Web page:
How we spend our days is, of course, how we spend our lives. What we do with this hour, and that one, is what we are doing. – Annie Dillard
I have to wonder what my parents must have thought when, as a five-year-old, I arrived home and allegedly told them I wanted to be a garbage collector when I grew up.
While that particular phase didn’t last very long, I do remember a recurring pattern of responses I’d get from adults. I’d answer the ‘So, what do you want to be when you grow up?’ question, and then I’d hear this:
Ahh, well, don’t worry — you have plenty of time to figure it out.
Hah. Now in my 30’s, I don’t tend to get that response very often (read: ever), even though I still feel like I’m figuring it out. Isn’t it amusing how, once adults, we tend to focus on who people are going to be and not who they are? As if who young people aspire to be is more important than who they are in that moment. I’m certain that children would not ask each other this question were it never uttered from a grown-up’s mouth.
I can’t help but audibly sigh when I hear college students talk about the real world. As in, “I have a few more months until I graduate and enter the real world”. As if deciding to go to university suddenly puts real life on pause for four years. The friendships, the debt, the experiences, the opportunities? You are in the real world, kid.
The reality is we are in the real world every single day of our lives.
Every single moment that passes—I mean, this is it folks. The day we spend 16 hours at the office, the weekend we spend on Netflix, the two hours that we fritter away checking our phone 37 times.
Today defines us, today is who we are.
We cannot count on the person that we will someday be.
I’m nowhere near as physically fit as two-years-ago me thought today me would be. I’d always think, “Well, I can just work out consistently and get my cardio in check. I’ve been in really great shape in the past, so I should be able to do it again pretty easily.”
If turning 30 has taught me anything, it’s that someday does not exist.
There are seven days in the week and someday isn’t one of them.
What about my accomplishments of years past? I was a varsity rower as a high school junior, I biked up to 60 miles at a time last summer.
The glaring question we face after rolling out of bed and looking ourselves in the mirror is this:
So what have you done for me lately? As in, today.
It may seem depressing to lose a lifetime of accomplishments to the past. Perhaps difficult to come to terms with the reality of a future self that never quite arrived. As heavy as that may seem, there is great beauty in it all.
Our past experiences, loves, friendships, wins and losses, while they are gone, they have molded who we are in this very moment. The good and the bad, all a part of our present selves. The beautiful thing about life is that we get to take that collective experience and do the damn best we can today. How amazing is that?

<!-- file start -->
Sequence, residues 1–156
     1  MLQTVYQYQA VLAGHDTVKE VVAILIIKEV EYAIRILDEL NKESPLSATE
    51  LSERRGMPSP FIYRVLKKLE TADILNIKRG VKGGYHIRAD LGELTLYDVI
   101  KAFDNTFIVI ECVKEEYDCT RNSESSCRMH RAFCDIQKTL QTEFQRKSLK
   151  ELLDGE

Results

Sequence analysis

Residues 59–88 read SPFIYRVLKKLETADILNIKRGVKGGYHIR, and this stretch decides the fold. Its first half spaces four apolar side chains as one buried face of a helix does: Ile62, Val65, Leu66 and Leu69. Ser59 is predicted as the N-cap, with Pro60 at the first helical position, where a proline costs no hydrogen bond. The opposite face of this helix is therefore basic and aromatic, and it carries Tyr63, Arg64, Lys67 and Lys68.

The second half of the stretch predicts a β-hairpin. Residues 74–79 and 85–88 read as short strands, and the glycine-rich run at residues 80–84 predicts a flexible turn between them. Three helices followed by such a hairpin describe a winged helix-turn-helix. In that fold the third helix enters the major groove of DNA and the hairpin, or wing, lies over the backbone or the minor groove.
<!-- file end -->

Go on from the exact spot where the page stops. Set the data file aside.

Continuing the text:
Every day we have an opportunity to be present, truly think about what matters most to us, and live that reality.
We can be the person that wakes up early to start the day with meditation, whether we were that person yesterday or not. Is it not amazing to know that we have the power to control the present and be whoever it is that we desire to be?
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So what can we do?
Let’s remove the word ‘aspiring’ from our titles. I give you permission to no longer be an aspiring minimalist, and you should give yourself permission to do the same. We are beings in constant state of development and growth, and that should always continue. Let go of your expectations and give yourself the title you deserve each day. Let’s throw out the word ‘going to’ and just be it. Changing our language can be powerful.
I’m going to go work out today — vs — I’m working out today.
I’m going to start decluttering today — vs — I’m decluttering today.
Our lives are a collection of bricks. Each day adds a brick to the wall, and each day is a new opportunity to build a strong, square, level brick. Let’s not worry about tomorrow’s brick, we have no control over it. We cannot go back and fix yesterday’s brick, so let’s learn from our mistakes and do our best to make a better brick today. No matter when you’re reading this post, you can make a badass brick to the best of your abilities right now.
We can love ourselves, love our friends, our families, and put positivity out into the world. Every day is an opportunity to be a living example of the world you want to live in. Failure makes us stronger, provides learning opportunities and today we get to take all that and start anew. Remember that the master has failed more times than the amateur has even tried. If we are not failing, we’re not growing—love it for all that it gives us.